Unlocking resources for anti-corruption action
Many of the pioneers of data-driven anti-corruption work have not been able to draw upon proactively published open datasets. Instead, they have had to gather the data they need through Freedom of Information requests, scraping data from inaccessible websites, and, in some cases, working with leaked datasets. Where data has been available, it has often been low quality, requiring substantial investments of time and effort before it can be used - and limiting the extent to which tools from one country can be used in another.
in this section we detail a number of cases where different stakeholders are working with the datasets described in the last section - either directly from open data, or using data they have manually gathered. The more governments move towards proactive publication, the more use-cases like these can spread, and effort can go into data use, rather than data gathering.
Over the coming year we hope to revise this section with additional cases that demonstrate direct use of open data - as governments deliver on their commitments to provide structured open data for anti-corruption.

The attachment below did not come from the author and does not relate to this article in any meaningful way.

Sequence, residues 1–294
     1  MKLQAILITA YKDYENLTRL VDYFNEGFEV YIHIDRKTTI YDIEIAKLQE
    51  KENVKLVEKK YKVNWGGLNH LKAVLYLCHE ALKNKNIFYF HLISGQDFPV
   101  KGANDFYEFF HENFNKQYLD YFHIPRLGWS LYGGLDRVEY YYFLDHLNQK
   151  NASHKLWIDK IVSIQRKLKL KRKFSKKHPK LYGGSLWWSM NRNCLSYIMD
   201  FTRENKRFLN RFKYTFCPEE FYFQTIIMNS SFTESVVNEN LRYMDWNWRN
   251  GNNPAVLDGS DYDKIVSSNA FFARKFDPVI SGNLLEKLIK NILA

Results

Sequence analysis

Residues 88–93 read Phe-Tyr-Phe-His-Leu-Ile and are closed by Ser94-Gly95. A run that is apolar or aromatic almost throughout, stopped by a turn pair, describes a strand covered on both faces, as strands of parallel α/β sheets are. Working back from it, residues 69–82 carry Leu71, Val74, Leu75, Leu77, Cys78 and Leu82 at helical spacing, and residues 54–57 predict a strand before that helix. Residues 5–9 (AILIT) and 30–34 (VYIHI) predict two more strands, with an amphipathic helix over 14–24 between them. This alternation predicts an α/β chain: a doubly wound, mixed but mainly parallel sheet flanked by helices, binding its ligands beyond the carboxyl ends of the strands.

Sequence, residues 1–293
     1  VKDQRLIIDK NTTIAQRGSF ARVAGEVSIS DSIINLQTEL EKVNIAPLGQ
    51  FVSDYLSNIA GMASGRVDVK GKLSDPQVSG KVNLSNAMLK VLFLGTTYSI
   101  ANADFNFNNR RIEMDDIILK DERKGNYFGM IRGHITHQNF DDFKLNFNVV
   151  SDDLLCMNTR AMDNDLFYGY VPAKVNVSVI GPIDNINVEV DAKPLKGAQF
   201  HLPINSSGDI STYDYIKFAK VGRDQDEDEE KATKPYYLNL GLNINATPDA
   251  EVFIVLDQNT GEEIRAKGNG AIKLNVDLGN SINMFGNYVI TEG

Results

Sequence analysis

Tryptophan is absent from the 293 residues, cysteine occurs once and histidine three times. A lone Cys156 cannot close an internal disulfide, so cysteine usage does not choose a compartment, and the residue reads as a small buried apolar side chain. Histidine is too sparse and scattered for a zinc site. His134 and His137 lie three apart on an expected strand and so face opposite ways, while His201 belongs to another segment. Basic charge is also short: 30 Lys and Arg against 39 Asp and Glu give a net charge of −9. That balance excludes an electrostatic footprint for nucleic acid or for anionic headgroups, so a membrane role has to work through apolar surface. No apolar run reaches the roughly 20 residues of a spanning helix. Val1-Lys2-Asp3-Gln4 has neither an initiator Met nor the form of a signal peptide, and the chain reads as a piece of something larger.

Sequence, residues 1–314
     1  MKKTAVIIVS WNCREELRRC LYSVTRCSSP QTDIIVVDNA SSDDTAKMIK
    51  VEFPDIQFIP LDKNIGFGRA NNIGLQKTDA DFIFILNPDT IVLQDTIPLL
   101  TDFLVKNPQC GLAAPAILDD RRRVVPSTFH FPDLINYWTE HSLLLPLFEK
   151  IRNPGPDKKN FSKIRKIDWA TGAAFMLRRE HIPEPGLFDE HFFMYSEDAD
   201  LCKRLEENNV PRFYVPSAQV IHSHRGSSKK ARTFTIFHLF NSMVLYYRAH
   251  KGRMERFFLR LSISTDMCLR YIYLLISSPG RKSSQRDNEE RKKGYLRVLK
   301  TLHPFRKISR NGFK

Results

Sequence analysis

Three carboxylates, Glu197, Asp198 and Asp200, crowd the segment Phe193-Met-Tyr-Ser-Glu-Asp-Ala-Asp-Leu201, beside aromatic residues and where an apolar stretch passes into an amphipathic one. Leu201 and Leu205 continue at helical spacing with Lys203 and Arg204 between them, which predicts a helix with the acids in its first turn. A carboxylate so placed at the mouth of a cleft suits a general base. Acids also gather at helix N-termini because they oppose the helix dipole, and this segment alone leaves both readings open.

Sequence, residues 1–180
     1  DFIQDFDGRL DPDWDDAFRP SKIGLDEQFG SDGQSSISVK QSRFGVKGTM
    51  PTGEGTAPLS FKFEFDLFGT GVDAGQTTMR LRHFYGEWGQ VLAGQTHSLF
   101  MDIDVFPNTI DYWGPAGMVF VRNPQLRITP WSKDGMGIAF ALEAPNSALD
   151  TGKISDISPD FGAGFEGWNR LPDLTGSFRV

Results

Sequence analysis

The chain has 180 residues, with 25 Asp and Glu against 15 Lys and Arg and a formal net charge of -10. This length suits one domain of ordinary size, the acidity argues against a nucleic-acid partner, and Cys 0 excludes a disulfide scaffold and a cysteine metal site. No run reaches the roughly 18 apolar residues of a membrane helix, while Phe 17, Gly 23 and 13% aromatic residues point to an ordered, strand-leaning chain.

Case study: The Panama Papers
The Panama Papers are an unprecedented leak of 11.5 million files from the database of the world’s fourth biggest offshore law firm, Mossack Fonseca. The leaked files reveal information on more than 214,000 offshore companies, connected to people in 200 countries and territories. The data includes emails, financial information, and corporate records that in some cases link world leaders and other prominent figures to illicit activity.The International Consortium of Investigative Journalists worked with the leaked documents, and imported structured data extracted from them into a graph database, providing this to a network of 100s of investigative journalists. This made it possible to find leads in the dataset, and to follow up potential stories. The investigations and stories from analysis of this data have led to multiple resignations and prosecutions.Although the Panama Papers dataset itself was not open data, published by a government, the investigations that followed demonstrated the investigative potential of corporate ownership data - and the value of having linked and structured data, as opposed to just documents.Crucially, open data did play an important role in the follow up Panama Paper news stories. Open Corporates, who host open data on millions of companies and shareholders worldwide, reported a substantial spike in searches from countries where political leaders were implicated in offshore company scandals - revealing citizen interest in finding out more about their politicians business dealings.
The Anti-Corruption Open Up Guide